Dravid’s role becomes even more important given the division of captain responsibilities between Kohli and Rohit. That the two men are certainties in the three formats gives a dimension hitherto absent from Indian cricket. When India had separate captains in the past – Anil Kumble and Mahendra Singh Dhoni between 2007 and 2008, and Dhoni and Kohli between 2015 and 2017 – one of the two skippers was not available for the other variant. This time the lines are not so pronounced in black and white. It is in how this gray area is managed that Dravid’s acclaimed male management skills will be tested.

Fortunately, despite the white noise from outside, neither Kohli nor Rohit are predisposed to go against the grain. One of the big myths in international sport is that all teammates have to be friends, and best friends, for a team to be successful. History is replete with examples of teams that still dominate despite major numbers that disagree. It’s also clear that Kohli and Rohit are anything but at daggers drawn, so right away there’s one less headache that Dravid will have to grapple with.

The biggest headache for Dravid will be how to optimize player performance. How, for example, to handle Pandya, still among the most destructive finishers in world cricket, but with lingering question marks as to whether he can be summoned for a few fast-paced medium-paced overs in every whiteball contest. How to manage the workloads of the spearheads of the rhythm Jasprit Bumrah, Mohammed Shami and Mohammed Siraj, ramparts on the Test side but also wonderful limited exhibitors. How to integrate those who are coherent and influential in national competitions and the IPL in the national system without compromising the virtues of those who are already regulars at the international level. And, perhaps no less crucial, how to get the batsmen who play at the top of the range for their teams / state franchises to learn how to strike so effectively in a different position for the Indian team, given how the top is heavy and packed the top- three is now.

R Ashwin’s return to the 50+ scheme completes a most astonishing turn of fortune for someone who seemed reconciled with the fact that his career in international white ball cricket was history. Ashwin fell out of favor in August 2017 when Kohli and former head coach Ravi Shastri put their eggs in Yuzvendra Chahal and Kuldeep Yadav’s wrist-spinning basket. Ashwin’s triumphant return to the T20Is at the World Cup and his inclusion in the ODI team for South Africa is perhaps an unspoken admission that a mistake was made four and a half years ago, But it also reignites the debate on where India is going as a spinning force if they are to look to a slowly moving 35-year-old to bolster their spinning department.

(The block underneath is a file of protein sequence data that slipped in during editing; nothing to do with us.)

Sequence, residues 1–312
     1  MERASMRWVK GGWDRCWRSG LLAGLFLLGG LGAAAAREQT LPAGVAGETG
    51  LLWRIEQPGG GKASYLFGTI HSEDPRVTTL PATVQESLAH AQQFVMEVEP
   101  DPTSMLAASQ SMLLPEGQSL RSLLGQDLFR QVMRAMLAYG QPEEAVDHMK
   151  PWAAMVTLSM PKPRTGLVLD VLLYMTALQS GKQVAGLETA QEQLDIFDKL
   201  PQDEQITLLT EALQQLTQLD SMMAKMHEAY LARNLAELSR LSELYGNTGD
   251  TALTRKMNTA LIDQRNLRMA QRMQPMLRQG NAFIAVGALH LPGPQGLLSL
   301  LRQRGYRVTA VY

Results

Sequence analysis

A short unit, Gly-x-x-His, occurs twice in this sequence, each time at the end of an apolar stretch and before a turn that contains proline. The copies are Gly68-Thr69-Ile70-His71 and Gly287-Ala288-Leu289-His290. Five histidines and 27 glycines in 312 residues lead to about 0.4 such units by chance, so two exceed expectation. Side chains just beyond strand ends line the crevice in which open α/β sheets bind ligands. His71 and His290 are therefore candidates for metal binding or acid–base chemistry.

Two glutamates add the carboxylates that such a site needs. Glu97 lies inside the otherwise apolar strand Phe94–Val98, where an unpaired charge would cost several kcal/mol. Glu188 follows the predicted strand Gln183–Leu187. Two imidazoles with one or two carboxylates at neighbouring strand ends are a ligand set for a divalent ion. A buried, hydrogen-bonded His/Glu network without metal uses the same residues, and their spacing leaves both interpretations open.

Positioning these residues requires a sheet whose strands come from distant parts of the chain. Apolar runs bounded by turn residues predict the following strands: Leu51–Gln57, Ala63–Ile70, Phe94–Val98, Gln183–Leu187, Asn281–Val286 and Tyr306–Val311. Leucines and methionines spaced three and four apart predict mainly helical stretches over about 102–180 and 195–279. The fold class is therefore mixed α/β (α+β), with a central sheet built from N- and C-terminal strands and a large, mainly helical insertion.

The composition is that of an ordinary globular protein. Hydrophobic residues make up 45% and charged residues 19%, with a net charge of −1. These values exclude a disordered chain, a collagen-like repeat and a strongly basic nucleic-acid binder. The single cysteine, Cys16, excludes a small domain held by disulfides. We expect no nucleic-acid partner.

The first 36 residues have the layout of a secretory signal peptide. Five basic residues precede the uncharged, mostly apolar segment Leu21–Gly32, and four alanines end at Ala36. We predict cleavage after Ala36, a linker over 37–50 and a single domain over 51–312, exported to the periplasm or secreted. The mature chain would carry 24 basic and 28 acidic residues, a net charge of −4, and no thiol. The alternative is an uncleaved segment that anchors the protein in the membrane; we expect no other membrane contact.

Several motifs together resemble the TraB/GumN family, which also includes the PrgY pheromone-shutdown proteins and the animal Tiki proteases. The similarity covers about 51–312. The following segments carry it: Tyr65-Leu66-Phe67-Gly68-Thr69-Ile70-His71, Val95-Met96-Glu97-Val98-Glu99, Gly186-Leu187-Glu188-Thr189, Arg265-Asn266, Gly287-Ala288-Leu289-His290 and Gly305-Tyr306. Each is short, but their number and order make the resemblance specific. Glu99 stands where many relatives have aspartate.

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As the limited versions will take up much of Dravid’s mental space, he and Kohli will have to consider – sooner, hopefully, rather than later – future testing of Cheteshwar Pujara, Ajinkya Rahane and Ishant Sharma. . All three have been excellent performers, established mainstays who have been great servants of Indian cricket, but nostalgia and feelings have no place in the dog-eating dog world of competitive sport. Both drummers have failed far too often to earn much longer strings, especially with ambitious and fit younger men who plead their case. Ishant, the only Indian race leader besides the legendary Kapil Dev and Zaheer Khan with over 300 test wickets, is no longer an automatic consideration and one of the many other young tyros will be better for the experience of sharing a locker room with the like Bumrah and Shami. These are tough decisions, however you look at him, but Dravid has shown many times in the past that he doesn’t shy away from making those tough decisions.

The appointment of Dravid, the rise of Rohit and a few less obvious but equally important developments have left optimism that 2022 will be another rich and rewarding year for the Indian side. That might be the case, but for all the success they have in the first 10 months, it’s their journey at the T20 World Cup in Australia that will be decisive for how this year unfolds. in the annals of Indian cricket.